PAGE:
New York, July 8 (ANI): A Muslim American author has claimed that the Obama administration is grappling with a difficult task of ascertaining whether the country's greater law-abiding Muslim population is being compromised by a few bad apples, or some sort of radical form of Islam is making inroads.
According to a Christian Science Monitor report, if the administration, for some reason, decides there isn't a problem, it may miss future terrorists.
According to Asra Nomani, the author of the book "Standing Alone in Mecca: An American Woman's Struggle for the Soul of Islam," the Obama administration also faces the problem that if it decides to neutralize this radical form of Islam, it runs the risk of provoking millions of peaceful Muslims.
Nomani says: "There is this tug of war inside ourselves of trying to reconcile Islam and being an American."
The hearts and minds of some of these young people could be an easy target for radical Muslims who use YouTube and other websites to post inflammatory rhetoric. Such rhetoric can be appealing to the young, she adds.
"My awakening came after 9/11 and my friend [and Wall Street Journal reporter] Daniel Pearl's kidnapping. And I realized we are asleep at the wheel here, and we have to be honest about the fact we have a problem inside our community," she says.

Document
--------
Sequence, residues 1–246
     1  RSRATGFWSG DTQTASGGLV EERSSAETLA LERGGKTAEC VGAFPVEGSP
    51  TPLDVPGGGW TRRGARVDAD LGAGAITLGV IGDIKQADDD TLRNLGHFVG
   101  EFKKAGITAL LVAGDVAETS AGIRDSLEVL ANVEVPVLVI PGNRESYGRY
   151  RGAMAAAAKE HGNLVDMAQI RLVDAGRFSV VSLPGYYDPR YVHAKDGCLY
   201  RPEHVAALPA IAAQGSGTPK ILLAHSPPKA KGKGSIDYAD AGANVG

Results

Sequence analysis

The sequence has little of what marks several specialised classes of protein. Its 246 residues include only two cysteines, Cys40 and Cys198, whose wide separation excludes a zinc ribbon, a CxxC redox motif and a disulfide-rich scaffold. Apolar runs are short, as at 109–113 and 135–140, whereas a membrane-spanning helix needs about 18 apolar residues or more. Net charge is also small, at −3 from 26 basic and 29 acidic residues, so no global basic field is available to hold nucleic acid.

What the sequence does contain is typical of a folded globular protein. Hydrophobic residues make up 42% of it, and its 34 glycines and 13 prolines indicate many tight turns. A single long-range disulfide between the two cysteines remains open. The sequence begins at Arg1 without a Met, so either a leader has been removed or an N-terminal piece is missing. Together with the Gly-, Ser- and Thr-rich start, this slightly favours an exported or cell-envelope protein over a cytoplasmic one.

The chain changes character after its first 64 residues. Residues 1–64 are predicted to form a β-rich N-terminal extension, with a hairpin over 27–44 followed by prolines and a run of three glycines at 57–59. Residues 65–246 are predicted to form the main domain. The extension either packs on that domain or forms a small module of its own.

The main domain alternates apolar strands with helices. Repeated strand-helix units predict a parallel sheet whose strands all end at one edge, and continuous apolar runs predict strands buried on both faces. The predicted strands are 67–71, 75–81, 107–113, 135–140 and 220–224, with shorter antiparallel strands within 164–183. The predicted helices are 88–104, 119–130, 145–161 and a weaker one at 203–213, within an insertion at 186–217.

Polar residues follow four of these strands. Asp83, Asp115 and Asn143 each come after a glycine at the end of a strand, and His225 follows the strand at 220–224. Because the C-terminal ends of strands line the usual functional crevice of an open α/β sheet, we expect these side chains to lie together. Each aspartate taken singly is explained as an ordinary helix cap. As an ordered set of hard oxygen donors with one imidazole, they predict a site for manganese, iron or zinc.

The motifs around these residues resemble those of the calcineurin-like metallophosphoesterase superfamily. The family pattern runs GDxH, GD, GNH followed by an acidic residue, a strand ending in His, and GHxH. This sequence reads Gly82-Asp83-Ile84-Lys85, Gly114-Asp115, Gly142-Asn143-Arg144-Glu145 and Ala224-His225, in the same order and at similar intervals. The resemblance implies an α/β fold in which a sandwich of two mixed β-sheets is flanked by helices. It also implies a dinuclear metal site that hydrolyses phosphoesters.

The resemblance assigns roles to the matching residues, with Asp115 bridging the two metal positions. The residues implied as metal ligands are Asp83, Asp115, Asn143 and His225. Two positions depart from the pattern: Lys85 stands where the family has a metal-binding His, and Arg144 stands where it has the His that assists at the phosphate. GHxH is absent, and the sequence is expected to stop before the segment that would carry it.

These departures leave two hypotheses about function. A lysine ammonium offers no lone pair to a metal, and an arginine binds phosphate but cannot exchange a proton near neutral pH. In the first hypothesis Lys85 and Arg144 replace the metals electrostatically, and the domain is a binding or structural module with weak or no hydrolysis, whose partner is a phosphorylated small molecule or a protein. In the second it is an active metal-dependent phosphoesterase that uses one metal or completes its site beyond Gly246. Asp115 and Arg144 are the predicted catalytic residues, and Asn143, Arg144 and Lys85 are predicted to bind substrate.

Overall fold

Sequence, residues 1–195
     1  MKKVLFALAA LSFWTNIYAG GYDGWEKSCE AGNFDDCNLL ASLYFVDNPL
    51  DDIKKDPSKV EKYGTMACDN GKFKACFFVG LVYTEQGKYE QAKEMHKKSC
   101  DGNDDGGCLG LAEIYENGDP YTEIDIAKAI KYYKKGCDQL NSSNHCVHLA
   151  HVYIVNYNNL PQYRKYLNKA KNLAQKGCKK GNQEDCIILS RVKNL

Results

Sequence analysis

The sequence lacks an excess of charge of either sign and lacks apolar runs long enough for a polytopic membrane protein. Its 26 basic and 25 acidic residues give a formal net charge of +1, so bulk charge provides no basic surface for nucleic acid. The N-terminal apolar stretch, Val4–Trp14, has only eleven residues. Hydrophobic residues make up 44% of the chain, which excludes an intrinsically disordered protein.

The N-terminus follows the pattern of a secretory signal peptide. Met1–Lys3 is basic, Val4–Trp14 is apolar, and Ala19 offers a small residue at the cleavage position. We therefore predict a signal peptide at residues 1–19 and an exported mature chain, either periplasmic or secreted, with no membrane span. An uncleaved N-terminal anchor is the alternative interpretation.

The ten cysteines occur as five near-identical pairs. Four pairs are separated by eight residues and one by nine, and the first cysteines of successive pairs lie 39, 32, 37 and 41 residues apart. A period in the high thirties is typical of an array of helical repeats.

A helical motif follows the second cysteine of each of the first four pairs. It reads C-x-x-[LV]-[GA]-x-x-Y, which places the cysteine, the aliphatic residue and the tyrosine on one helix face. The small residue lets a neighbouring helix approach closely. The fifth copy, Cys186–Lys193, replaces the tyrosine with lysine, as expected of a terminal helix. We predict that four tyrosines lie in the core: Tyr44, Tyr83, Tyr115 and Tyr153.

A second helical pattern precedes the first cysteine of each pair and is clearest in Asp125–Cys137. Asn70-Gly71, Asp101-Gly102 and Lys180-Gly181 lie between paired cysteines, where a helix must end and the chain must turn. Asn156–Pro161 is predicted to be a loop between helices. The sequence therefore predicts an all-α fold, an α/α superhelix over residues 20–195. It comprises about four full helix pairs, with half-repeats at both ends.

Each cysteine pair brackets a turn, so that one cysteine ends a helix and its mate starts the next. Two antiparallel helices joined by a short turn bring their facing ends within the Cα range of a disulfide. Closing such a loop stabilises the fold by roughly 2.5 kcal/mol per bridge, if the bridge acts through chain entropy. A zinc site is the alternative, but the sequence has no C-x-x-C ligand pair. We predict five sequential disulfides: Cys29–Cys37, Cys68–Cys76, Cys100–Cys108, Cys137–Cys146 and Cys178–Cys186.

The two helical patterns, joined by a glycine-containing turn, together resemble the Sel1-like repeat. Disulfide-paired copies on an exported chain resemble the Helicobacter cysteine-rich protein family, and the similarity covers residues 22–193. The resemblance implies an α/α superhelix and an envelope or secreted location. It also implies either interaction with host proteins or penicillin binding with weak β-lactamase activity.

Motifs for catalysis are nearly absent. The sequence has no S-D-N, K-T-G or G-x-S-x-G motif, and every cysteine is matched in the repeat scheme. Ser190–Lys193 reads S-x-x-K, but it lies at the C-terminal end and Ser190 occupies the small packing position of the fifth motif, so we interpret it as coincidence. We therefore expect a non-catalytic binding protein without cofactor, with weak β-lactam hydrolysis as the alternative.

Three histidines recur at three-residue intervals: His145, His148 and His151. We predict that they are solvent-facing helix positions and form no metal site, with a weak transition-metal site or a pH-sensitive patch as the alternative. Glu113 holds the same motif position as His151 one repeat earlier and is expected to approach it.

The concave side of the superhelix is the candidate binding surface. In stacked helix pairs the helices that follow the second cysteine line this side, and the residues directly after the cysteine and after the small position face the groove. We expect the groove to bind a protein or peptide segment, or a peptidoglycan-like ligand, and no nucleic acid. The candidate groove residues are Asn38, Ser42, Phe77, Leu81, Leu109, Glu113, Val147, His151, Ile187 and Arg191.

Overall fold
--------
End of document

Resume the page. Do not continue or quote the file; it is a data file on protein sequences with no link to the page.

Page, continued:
Other Muslim commentators, however, say their community does not endorse radicalism.
The Muslim community has condemned Times Square bomber Shahzad's action, says Osama Siblani, publisher of the Arab American News in Dearborn, Michigan.
"This is an exception, not the rule. I have assured many people from the younger generation: There is a way to express yourself in a democracy ... even with a decision made in the White House," he adds.
Some mainstream Islamic groups say that Shahzad's comments and acceptance of his role in the foiled attack are similar to the rhetoric emanating from radical groups for years.
"The only difference is this took place in an American courtroom instead of on a video from some cave in Afghanistan," says Ibrahim Hooper, communications director for the Council on American-Islamic Relations in Washington.
"I don't think it will resonate," he adds.
The official view of the US government seems to meld perspectives.
The 2010 Annual Threat Assessment, written by Dennis Blair, then director of national intelligence, says that violence from homegrown jihadists will persist, but will be sporadic.
"A handful of individuals and small discrete cells will seek to mount attacks each year, with only a small portion of that activity materializing into violence against the Homeland," the assessment said.
It does require walking a tightrope, says Michael P. Jackson, deputy secretary of the Department of Homeland Security under the Bush administration. (ANI)